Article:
Dorset walk - Swanage Victorian Trail

PUBLISHED: 16:36 06 May 2015 | UPDATED: 16:36 06 May 2015

Swanage from Peveril Downs - photo by Edward Griffiths

Swanage from Peveril Downs - photo by Edward Griffiths


Edward Griffiths follows in the footsteps of the ‘King of Swanage’ on this varied walk which encompasses town, countryside, woodland and coast

The Duke of Wellington Clock Tower - photo by Edward GriffithsThe Duke of Wellington Clock Tower - photo by Edward Griffiths

Thomas Hardy called George Burt the ‘King of Swanage’ and with good reason as Burt is synonymous with the development of Swanage into a popular Victorian seaside resort. This varied walk takes us through town, countryside and woodland, and along the top of sheer cliffs. Along the way we’ll see many of Burt’s edifices, both quirky and magnificent. He was an inveterate collector of ‘unconsidered trifles’ and typically found various reasons to erect monuments all around Swanage.



• Distance: 3 1/2 miles (5.5km)

• Time: 3 hours

• Start: Burt’s ’Alfred the Great’ column, The Mowlem Theatre (Grid Ref: SZ032789)

• Exertion: Not too strenuous. One steep ascent. Some mud after rain.

• Map: OS Landranger Sheet 195

• Public Transport: Wilts and Dorset 40, 50, Damory Coaches X43

• Dogs: On leads in country park where requested and in town and on roads

• Refreshments: Swanage is packed with excellent hostelries, cafés and restaurants


The Walk

1 We start at George Burt’s 1862 cannonball-topped ‘Alfred’ monument which commemorates a sea battle in 877 when Alfred is supposed to have defeated the Danes. From here walk behind the Mowlem Theatre then continue past ‘The Parade’. The balconied terrace here was built at the end of Victoria’s reign (1837-1901). Along this seafront, vast banks of stone were stored awaiting shipment. The rail tracks are a remnant of the 1859 horse-drawn wagon system associated with stone movements. Continue past the Stone Pier to Swanage Pier which was built in 1895-6, three years after Burt had died, usurping the old stone-shipping pier whose stumps still stand next to the new pier. It was built mainly to attract visitors from fast-growing Bournemouth nearby.

2 Right of the entrance and Swanage Sailing Club, walk up the lane, passing Prince Albert Gardens’ Ionic columns. Fork right up the hill where a side path leads onto gardens above water treatment works. Follow the stone wall, with views over Swanage and the old pier’s stumps. Continue past The Haven. At the boat yard, divert to see the Victorian Gothic Clock Tower. This was originally built near London Bridge in 1854 to commemorate the Duke of Wellington (1769-1852). When the clock was dismantled in 1866, Burt brought it to Swanage. Returning to the lane, continue past white cottages to the far end kissing-gate.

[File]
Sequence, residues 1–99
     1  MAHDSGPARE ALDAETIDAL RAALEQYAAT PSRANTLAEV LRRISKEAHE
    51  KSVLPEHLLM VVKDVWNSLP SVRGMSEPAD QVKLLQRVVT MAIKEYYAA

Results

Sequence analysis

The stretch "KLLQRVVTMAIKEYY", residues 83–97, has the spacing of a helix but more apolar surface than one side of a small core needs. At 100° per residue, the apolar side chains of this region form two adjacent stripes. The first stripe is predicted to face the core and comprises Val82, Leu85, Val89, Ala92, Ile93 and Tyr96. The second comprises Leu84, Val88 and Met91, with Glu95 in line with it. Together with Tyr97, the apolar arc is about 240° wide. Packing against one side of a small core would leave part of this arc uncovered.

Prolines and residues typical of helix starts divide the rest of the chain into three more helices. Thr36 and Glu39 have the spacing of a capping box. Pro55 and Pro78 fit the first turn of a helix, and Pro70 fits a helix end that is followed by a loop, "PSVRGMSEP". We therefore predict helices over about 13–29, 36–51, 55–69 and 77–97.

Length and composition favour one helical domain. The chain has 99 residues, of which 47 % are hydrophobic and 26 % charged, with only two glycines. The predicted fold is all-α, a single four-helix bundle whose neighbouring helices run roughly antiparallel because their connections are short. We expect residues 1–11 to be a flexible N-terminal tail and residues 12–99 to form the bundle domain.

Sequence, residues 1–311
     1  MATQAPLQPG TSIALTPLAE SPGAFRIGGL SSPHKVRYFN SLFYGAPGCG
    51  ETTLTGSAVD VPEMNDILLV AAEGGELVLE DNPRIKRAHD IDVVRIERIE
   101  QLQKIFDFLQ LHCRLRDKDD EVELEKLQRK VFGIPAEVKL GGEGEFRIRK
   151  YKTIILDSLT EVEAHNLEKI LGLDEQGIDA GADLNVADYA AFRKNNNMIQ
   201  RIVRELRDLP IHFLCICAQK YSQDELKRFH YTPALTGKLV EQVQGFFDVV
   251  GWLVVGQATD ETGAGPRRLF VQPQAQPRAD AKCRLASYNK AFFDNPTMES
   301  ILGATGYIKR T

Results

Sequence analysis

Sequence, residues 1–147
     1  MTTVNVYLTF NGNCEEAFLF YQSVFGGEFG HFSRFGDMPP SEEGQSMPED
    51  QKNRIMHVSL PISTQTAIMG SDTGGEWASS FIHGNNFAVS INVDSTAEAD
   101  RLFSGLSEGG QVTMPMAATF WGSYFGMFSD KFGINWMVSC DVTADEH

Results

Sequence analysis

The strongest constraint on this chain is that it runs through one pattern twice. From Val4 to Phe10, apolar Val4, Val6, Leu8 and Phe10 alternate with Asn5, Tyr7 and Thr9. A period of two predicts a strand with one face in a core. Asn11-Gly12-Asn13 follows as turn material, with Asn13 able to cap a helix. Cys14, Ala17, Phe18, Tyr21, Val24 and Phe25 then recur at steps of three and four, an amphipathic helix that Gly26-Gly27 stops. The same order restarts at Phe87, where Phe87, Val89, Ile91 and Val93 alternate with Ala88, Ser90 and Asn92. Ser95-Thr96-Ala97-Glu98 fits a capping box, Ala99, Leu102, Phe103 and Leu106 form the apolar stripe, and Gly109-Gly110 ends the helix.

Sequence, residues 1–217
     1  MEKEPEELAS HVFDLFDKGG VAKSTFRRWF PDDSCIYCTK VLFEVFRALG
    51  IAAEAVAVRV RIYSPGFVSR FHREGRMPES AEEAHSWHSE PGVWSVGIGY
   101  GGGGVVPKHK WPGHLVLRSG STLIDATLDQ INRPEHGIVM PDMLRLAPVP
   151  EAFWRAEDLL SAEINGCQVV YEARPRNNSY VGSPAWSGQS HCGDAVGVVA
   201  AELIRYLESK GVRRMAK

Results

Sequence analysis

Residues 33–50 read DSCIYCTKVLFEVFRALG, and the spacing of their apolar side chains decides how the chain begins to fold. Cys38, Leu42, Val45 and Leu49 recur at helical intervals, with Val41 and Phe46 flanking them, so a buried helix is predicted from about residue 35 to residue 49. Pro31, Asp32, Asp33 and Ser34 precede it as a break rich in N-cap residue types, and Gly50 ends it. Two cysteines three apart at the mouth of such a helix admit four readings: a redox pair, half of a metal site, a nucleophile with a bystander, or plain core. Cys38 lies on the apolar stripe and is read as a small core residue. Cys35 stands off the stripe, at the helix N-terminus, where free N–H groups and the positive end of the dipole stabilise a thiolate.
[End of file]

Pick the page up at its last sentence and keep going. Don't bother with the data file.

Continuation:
3 At this point take time to visit Peveril Point Coastwatch lookout station, where you can see the fearsome Peveril Ledges where many ships have been wrecked over the centuries. Walk up the cliff-edge path onto Peveril Downs, all the way to the top corner. Through the gate into the road, turn left for ‘Coast Path Durlston Castle’. At Belle Vue Road’s end, turn left down Durlston Road. At the bottom of the hill, take the left ‘Victorian Trail’ half-gate into the woods. Follow the path, keeping left at the fork to pass the ‘Victorian Trail’ post. Reaching the stone wall above Durlston Bay, follow the meandering ‘Isle of Wight Road’ track up with superb panoramas from viewpoint benches.

4 Over the top past the right car park, walk straight down the walled path or via the ‘Timeline’ to the recently-restored Durlston Castle. George Burt built the castle on Durlston Head in 1887. Fortunately, his plans to build a huge ‘high class’ development over what is now Durlston Country Park failed to materialise. Walk down the Tarmac drive right of the castle to the stone ‘map plinth’. Take the grass path down to ‘The Great Globe’, this was built by Burt in 1887and ostentatiously highlights the ‘British Empire’. Down the stone steps to the Coast Path, turn right up past the viewpoint, down past the ‘Dolphin Watch’ lookout, and past Tilly Whim caves. These were cut for visitors to see the remains of stone quarrying, loading and shipping of stone blocks directly to sea.

5 After Tilly Whim, go through the wall gap facing the 1881 Anvil Point lighthouse. Turn right up the steep hill past two Naval Mile marker posts. At the top, turn right along the road and through the gate. Take the instant left gap through bushes onto the green outside the Learning Centre. Join the Tarmac path across the car park. Over the pedestrian crossing onto the picnic bench area, turn left onto the wildflower field’s path. Through the bottom corner half-gate onto Lighthouse Road, walk down past the Victorian Trail woodland entrance and continue up Durlston Road. Pass Belle Vue Road where you emerged earlier.

6 Continue over and down to the T-junction. Turn right. On the left bend into Seymer Road, go through the half-gate onto Peveril Down park and turn left down the path. At the car park exit, join Seymer Road. Continue down to the Royal Victoria Hotel on the left corner. This was originally the Manor House built by Thomas Chapman in 1664, it was transformed into the ‘Manor House Hotel’ in 1827. The name was changed to ‘Victoria Hotel’ after the young Princess Victoria spent one night here in 1833, then to ‘Royal’ by new owners in 1838. Cross back to the Stone Pier and along the esplanade back to Burt’s cannonballs where you started.



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